He lit a cigar and sat back in his chair. "Still, beats snow, I guess." Harvey was from a little town outside Oshkosh, in Northern Wisconsin, and if he'd had enough beer to get nostalgic he would wax lyrical about his late father having to use a snow-blower just to reach his garage during the Winter.
"Or cats and dogs," I reminded him
His eyes widened. "Yeah," he said. "That was bad, wasn't it?"
"It was an unusual couple of days," I admitted.
"Had that guy on the roof again last night, too," he told me.
I shrugged. Springheel Jack was, quite frankly, getting boring. By now most of the village had experienced the joy of being woken abruptly by the sound of long fingernails rattling on their slates in the wee small hours.
"At least he's harmless," I said. "People have started leaving a bottle of beer and a plate of sandwiches out for him at night."
"Yes. Right." Harvey pulled a sour face. "That's just what this place needs. A drunken paranormal phenomenon scrambling around on the rooftops scarfing down cheese and pickle sandwiches. That's really going to do wonders for property prices."
"Property prices are going through the roof," I told him. "I was talking to Barry Vickers the other day; he says people are queueing up to buy property here."
"Yes, but those people all believe that the Mayans colonised Mars and that aliens are abducting loggers in the Pacific Northwest and sticking silicon chips up their noses. I don't want people like that for neighbours, no thank you."
"Barry reckons he could get a half a million quid for my house."
He looked at me and raised an eyebrow. "Yeah?"
"Yeah." I couldn't believe he hadn't heard any of this.
"Something's going on," Domino said, coming back from the bar empty-handed. "Hello, Harvey."
"Hi," Harvey said.
"Where's my drink?" I asked.
"The journalists are leaving," said Domino.
Harvey and I looked at each other. Now Domino mentioned it, I could hear cars and vans starting up outside. Harvey raised an eyebrow.
"Oh no," I groaned. "It's much too nice a day."
He leaned forward and plucked at my sleeve. "C'mon, Geoffrey. You look like a man who needs an adventure."
"I have all the adventure I need in my front room."
He pulled my sleeve again, grinning. "C'mon."
The convoy wound its way slowly out of the village and into the sweltering countryside, a line of about fifteen vehicles headed by a converted double-decker bus spray-painted with huge dahlias.
"Who the hell are they?" Harvey asked, pointing up ahead at the bus.
"Druids," said Domino.
Harvey glanced in the rearview mirror to see if Domino was keeping a straight face.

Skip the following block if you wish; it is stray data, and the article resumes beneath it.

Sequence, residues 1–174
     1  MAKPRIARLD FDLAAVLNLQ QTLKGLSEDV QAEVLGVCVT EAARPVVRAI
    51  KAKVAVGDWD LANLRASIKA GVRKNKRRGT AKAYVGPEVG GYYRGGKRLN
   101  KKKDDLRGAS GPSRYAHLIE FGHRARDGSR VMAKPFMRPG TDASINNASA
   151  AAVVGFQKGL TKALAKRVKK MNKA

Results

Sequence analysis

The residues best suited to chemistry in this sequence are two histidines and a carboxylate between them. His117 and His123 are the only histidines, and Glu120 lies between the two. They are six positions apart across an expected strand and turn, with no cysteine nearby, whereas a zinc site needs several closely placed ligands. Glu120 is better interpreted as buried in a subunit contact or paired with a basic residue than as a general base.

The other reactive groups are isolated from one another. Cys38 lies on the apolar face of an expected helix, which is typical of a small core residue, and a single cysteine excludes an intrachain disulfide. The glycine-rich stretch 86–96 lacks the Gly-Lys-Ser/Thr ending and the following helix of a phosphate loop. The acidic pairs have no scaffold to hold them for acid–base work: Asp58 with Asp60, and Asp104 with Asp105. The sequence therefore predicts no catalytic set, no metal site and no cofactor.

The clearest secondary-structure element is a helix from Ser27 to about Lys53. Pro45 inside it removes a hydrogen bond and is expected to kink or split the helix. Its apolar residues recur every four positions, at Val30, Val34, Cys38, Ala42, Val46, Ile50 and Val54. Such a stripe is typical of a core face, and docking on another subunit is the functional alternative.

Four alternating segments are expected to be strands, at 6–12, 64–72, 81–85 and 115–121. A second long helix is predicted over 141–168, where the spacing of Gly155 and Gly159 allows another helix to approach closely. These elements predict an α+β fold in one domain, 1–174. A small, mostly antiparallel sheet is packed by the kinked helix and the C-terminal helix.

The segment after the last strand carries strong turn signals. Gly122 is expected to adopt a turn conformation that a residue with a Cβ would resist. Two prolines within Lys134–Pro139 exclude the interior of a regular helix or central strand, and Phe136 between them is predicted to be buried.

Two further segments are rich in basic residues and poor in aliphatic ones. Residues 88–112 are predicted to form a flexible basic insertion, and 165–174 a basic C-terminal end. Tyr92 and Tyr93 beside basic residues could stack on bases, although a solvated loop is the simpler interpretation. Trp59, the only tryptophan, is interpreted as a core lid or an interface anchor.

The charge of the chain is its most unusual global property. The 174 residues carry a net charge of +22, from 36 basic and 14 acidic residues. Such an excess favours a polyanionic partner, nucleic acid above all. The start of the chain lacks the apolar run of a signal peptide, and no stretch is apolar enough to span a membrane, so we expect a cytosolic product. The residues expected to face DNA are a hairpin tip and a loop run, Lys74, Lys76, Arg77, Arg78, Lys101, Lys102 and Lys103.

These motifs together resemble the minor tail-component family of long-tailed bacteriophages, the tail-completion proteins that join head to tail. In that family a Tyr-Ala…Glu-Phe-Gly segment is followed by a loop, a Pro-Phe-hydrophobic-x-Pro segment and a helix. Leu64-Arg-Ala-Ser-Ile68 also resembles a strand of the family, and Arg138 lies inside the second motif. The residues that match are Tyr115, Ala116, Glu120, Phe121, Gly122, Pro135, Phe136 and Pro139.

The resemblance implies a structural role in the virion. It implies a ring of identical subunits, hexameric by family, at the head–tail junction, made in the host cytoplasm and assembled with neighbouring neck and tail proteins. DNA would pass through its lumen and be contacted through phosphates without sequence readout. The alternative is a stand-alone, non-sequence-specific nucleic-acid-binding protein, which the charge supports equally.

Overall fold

"They've been coming over here from Stonehenge since last Wednesday," I said. "The fields between here and there are full of them."
Harvey looked bemused. "My goodness," he said. "Has there been any action at Stonehenge?"
"Not a peep," Domino said.
I closed my eyes and leaned back until my head was against the seat's rest. "Imagine their disappointment."
"It's a very localised phenomenon," said Domino.
"It's starting to get on my tits," Harvey said. "You know, this morning, while we were clearing frogs, this Space Cruiser pulled up with all these guys with video cameras in it."
I nodded. Space Cruisers containing guys with video cameras had become about as unusual in Seldon as Springheel Jack.
"None of them spoke more than a couple of words of English," Harvey went on. "Turned out they were Uzbeks. Uzbeks. I mean, do Uzbeks even have television?"
"Of course they do," said Domino.
"Yeah, other people's television. I meant television of their own."
"Uzbekistan has quite a muscular little press association these days, actually," Domino told him.
I opened my eyes. In front of us, the thirteen-strong Polish television contingent had somehow crammed themselves and all their equipment into their rented Espace. Through their rear window, I could see what appeared to be a heated argument going on.
"They wanted rooms," Harvey said, voice rising indignantly. "They thought the House was a hotel. Imagine that."
There was a brief silence in the Range Rover, while we all imagined it. Finally, Domino said, "It does look a little like an hotel, you have to admit."
"Yeah," Harvey grumped. "Well." He honked the horn a couple of times, and the Poles in the back seat of the Espace turned round and flipped us the finger. Harvey shook his head. "That's the Polacks, right?" Harvey had inherited, from the Czech side of his family, a congenital dislike of Poles.